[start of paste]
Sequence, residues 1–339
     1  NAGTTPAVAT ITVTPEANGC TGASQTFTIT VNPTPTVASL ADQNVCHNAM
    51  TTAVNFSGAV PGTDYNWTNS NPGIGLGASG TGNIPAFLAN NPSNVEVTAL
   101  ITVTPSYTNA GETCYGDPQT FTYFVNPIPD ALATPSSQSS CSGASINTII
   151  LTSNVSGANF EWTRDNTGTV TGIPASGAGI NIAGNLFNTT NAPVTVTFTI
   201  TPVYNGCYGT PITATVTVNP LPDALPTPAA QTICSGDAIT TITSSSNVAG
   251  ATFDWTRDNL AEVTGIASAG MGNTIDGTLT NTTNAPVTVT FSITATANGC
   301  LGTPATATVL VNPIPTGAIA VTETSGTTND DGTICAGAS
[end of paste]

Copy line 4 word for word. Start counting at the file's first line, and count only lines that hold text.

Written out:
   101  ITVTPSYTNA GETCYGDPQT FTYFVNPIPD ALATPSSQSS CSGASINTII